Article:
Russian police officials accused of running an extortion racket want to arrest a London-based businessman on tax evasion charges.
Hermitage Capital, a British investment fund which used to be the largest portfolio investor in Russia until it was hit by a major tax scam, said today that Interior Ministry officials in Moscow were seeking an arrest warrant for Ivan Cherkasov, 41, a senior executive at the company’s UK offices.
Similar charges were brought against Sergei Magnitsky, a whistle-blowing Moscow lawyer who was hired by Hermitage Capital to investigate corrupt state officials. He ended up dying in custody in a case that has become an international cause celebre for those campaigning against official corruption inside Russia.
Hermitage claims it was the victim of a fraudulent £140m tax refund scam orchestrated by a consortium of corrupt officials who then oversaw the arrest and death of Mr Magnitsky when he named those involved.
The US, Europe and Canada have moved to place sanctions on the movements and overseas holdings of 60 officials who are alleged to be behind the scam. Last week a commission appointed by Russian president Dmitri Medvedev found that the charges against Mr Magnitsky had been entirely fabricated, although no arrests of the corrupt officials have yet been made.
Instead those named as being behind the tax scam appear to be using the Russian judicial system to hit back by issuing their own arrest warrants.
In a statement released this morning, Hermitage Capital said Lieutenant Oleg Silchenko, the interior ministry investigator who oversaw Mr Magnitsky’s incarceration, was planning to file an arrest warrant application for Mr Chersakov at a Moscow district court today. According to petition papers the arrest is sought for tax evasion charges.
The move comes two weeks after friends of Mr Magnitsky and Hermitage Capital published a 45-minute documentary on the internet detailing the alleged scam and naming individuals thought to be behind it.
The documentary, which has been watched more than 350,000 times on YouTube, also alleged that at least £26m of the money siphoned from Hermitage Capital has since been laundered through real estate deals in Russia, Montenegro and Dubai. Swiss prosecutors have since opened their own investigation into the deals after it emerged that many of the transactions took place through Credit Suisse accounts.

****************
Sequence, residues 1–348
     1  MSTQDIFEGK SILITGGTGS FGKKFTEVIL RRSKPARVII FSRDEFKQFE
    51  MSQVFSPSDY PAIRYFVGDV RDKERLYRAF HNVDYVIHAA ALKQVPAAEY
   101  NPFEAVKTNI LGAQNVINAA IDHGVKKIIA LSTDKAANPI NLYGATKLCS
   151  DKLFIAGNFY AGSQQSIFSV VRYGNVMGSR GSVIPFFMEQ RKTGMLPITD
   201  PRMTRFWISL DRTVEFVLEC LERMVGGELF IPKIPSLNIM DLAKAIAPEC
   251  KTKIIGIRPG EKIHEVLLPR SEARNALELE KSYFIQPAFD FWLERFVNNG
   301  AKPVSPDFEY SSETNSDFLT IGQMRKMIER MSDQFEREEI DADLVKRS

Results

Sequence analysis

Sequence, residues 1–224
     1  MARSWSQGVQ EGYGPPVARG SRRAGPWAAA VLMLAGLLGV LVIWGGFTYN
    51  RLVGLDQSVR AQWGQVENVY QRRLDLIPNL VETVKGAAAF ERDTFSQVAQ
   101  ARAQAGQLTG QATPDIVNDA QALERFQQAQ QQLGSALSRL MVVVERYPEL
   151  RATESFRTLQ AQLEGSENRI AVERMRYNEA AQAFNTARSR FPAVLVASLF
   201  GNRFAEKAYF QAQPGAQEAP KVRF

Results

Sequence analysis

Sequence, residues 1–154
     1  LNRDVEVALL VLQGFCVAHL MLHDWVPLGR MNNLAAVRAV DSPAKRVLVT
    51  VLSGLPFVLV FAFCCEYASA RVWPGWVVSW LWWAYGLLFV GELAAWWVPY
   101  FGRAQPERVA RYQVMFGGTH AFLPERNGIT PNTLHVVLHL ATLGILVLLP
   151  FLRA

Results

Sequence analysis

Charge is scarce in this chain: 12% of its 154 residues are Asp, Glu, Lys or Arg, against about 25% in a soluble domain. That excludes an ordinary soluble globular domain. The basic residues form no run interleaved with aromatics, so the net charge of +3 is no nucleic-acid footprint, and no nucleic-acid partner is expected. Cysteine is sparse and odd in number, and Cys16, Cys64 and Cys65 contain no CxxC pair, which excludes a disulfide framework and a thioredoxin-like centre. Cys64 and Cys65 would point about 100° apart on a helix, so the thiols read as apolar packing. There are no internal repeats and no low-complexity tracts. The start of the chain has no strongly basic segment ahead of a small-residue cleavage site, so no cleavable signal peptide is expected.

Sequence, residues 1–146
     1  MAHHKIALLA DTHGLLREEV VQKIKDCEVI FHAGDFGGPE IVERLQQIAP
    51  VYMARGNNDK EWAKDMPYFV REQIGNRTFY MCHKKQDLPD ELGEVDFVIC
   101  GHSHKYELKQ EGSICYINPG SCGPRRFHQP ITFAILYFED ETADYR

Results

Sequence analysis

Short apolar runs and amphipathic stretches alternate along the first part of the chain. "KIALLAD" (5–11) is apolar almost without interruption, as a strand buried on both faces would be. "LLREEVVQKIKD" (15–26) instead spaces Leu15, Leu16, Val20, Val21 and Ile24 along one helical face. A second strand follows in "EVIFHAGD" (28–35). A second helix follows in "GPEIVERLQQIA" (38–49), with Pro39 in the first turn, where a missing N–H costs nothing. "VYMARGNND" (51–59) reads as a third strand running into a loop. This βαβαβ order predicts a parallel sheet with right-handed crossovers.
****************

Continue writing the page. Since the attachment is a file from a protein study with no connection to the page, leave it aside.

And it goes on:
Speaking to The Independent yesterday, Hermitage Capital’s founder William Browder said he believed the arrest warrant for Mr Chersakov was retaliation for their decision to publish their own indictment online.
"Clearly our expose has caused significant upset within the ranks of this criminal syndicate to the extent that we've shocked them into retaliation," he said. “This is an escalation in the attack on us. The next logical step would be for the same corrupt officers to misuse the Interpol system or the extradition process in an attempt to further deflect attention away from the government corruption which we exposed. It shows that no-one is in control of Russia’s judicial system.”
In a statement released yesterday, Mr Chersakov, who says he has been unable to travel to Russia for the past three years, denied the allegations against him and said they were proof that Russia’s judiciary is routinely exploited by corrupt officials to hit back at those who expose corruption.
"The highest levels of law enforcement in Russia have been abusing their offices for political, criminal and retaliatory purposes since this whole saga began,” he said. “It is being done shamelessly, and the whole world watches on in amazement. Either the Russian President and Prime Minister are powerless to fight officials who are stealing enormous amounts of state money, or they are direct beneficiaries. Either way, it is a terrible condemnation of what is happening in my country."
Hermitage Capital initially made millions from the economic boom in Russia during the early half of the last decade as Moscow opened up to foreign investors. But Mr Browder’s propensity to publicly highlight official corruption earned his company powerful enemies.
In 2007 police raided two subsidiaries of Hermitage Capital and seized corporate records and stamps. The following year Mr Magnitsky uncovered that control of the companies had been transferred – Mr Browder says stolen – and that they were applying for a £140m tax refund. The refund was granted within the space of a day at a small court outside of the capital and deposited in a Russian bank that has since gone out of business.